Abraham Said of His Wife: She is My Sister

20: 1-2

DIG: Why did Abraham move from the Oaks of Mamre? Why do you think Avraham persists in this lie about not being married to Sarah? Who is he concerned about? Why? Why should he have known better? What was different now?

REFLECT: Have you ever made the same mistake over and over again? How hard is it for you to break bad habits? Do you have a bad habit that seems to have been with you forever? Do you live in fear? What solution could you choose?

Now Avraham moved on from the Oaks of Mamre, where he had live for twenty years, and the hill country of Judah, into the region of the Negev desert and lived between Kadesh and Shur. For a while he temporarily stayed in Gerar, the capital city at that time of the land of the Philistines near the Egyptian border, and modern day Tell Abu Hureirah (20:1). A prosperous city, as revealed by archaeological excavations there, it may be that Abraham has some kind of business dealings in mind. The city controlled a lucrative caravan route and by this time Abraham was a wealthy and powerful chieftain.331 Or maybe the view of the plain and the constant reminder of the ruin was too much to bear.

And while staying in Gerar, Abraham said of his wife Sarah: She is my sister. Abraham was afraid that if Abimelech knew Sarah was his wife, he would kill him in order to marry her. This was not a question of being caught off guard. This was the reoccurrence of an old sin. Long ago in Egypt he had followed the same wicked course (12:13). However, this was twenty-five years later. Since then he had built an altar to the LORD, conquered Chedorlaomer and the four kings of the east, had been blessed by Melchizedek the priest of the Most High God, had refused the offer of the King of Sodom to be enriched by him, and received great revelations and promises from God.332

This is the last test where Abram totally failed. First, he stayed in Haran when he should have gone to the Promised Land (11:31b). Secondly, he left the land of Canaan and went to Egypt. Thirdly, Abram listen to his wife instead of waiting on the LORD, which resulted in the birth of Ishmael and untold problems (16:1-16). And fourthly, here, his lapse of faith continued as he refused to trust ADONAI for his wife's safekeeping when he lied again to Abimelech (20:1-18).

Hundreds of times in Scripture we are told not to be afraid. But how can we help it? If someone we love is in danger, if awful possibilities constantly present themselves, what are we to do? The king David gives the answer: When I am afraid, I will trust in You (Psalm 56:3). He brings the two conflicting powers, emotion and will, into a single verse. He’s a realist. He does not deny the feeling, but he doesn’t let that govern his life either, or drain the energy God gives for his work. He feels one thing and does another. He applies the antidote. I think the best way to do that is simply to offer up to the Lord each fear as it comes, and pray for grace to go on peacefully doing the work He has given us to do.333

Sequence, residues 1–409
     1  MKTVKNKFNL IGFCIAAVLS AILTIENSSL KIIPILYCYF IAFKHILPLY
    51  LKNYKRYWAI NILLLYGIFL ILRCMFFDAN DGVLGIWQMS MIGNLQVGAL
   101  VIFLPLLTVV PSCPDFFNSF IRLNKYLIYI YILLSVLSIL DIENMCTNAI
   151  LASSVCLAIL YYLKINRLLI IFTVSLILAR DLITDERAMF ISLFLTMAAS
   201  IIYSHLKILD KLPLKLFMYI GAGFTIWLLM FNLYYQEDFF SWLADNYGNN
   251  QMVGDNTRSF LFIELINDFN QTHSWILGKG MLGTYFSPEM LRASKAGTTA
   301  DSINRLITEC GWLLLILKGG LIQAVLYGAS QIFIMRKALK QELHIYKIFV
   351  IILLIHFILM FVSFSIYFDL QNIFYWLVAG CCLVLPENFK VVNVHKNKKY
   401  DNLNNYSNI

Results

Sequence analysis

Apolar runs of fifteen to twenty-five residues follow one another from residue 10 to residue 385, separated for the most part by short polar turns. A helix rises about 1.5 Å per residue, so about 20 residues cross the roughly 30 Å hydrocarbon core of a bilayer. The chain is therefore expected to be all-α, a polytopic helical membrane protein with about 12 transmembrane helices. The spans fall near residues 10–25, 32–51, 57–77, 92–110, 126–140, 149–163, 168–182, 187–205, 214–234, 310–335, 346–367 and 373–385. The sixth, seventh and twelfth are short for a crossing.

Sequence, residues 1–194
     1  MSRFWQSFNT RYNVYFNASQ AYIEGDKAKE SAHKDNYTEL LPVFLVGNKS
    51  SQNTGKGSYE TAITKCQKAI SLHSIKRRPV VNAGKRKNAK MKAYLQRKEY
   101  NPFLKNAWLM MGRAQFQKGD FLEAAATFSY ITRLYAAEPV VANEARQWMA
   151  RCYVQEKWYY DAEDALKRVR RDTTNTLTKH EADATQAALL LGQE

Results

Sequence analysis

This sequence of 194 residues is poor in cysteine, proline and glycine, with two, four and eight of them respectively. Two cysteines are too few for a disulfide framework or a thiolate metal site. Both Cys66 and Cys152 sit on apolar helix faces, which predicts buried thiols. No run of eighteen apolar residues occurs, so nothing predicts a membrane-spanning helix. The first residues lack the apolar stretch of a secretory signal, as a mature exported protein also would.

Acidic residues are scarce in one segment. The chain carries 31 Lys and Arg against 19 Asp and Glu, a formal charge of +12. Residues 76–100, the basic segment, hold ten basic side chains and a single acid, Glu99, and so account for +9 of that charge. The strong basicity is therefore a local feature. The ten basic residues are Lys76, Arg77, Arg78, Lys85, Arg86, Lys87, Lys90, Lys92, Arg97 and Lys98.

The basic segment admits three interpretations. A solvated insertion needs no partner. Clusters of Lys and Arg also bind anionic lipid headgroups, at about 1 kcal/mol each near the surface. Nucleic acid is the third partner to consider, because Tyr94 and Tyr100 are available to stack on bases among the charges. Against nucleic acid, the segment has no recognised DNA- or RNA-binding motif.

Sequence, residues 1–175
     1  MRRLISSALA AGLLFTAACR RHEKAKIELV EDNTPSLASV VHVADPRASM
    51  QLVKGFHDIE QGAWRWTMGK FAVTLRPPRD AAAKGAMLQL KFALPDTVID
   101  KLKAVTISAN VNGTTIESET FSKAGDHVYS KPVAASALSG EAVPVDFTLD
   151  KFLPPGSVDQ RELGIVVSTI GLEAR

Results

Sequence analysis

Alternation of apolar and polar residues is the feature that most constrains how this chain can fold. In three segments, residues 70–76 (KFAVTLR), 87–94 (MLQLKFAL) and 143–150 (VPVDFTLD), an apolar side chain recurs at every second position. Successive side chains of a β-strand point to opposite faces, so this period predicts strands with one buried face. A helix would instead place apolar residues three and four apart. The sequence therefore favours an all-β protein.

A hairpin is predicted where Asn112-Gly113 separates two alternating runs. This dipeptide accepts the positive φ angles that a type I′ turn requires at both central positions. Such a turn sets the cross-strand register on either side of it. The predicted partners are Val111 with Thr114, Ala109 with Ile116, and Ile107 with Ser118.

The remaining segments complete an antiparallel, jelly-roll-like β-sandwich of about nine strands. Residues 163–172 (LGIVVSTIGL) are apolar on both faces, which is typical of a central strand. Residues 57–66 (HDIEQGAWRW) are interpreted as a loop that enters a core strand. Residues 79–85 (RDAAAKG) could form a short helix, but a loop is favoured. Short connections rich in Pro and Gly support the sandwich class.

At that time, Abimelech King of Gerar, ruled the land of the Philistines, who were the descendents of Ham (10:14).The word Abimelech was not a proper name, it is merely a title of the King of Gerar. Just like the term pharaoh was not a proper name, but the title of the king of Egypt. When Abraham entered the land, he knew little about the people who live there, but it didn’t take to long for him to realize they were an ungodly lot. The fears he had experienced in Egypt suddenly returned. Once again, they agreed that Sarah would be pass off as his sister, rather than his wife, for the same reason as before (see Dv – Now There Was a Famine in the Land and Abram Went Down to Egypt to Live).

Sarah was ninety years old and it is surprising that in her old age she was still so attractive that kings desired her. Or possibly Abimelech viewed her as of political value, since Abraham was a powerful and rich chieftain. The king already had a harem and, as was the custom in those days, kings had a right to take any woman they might choose into their harems, whether for sexual or political motives.334 But for whatever reason, he sent for Sarah and took her (20:2). By repeating this sin, Avraham, once again, endangered the birth of Isaac. But God was not caught off guard. He never is.

 

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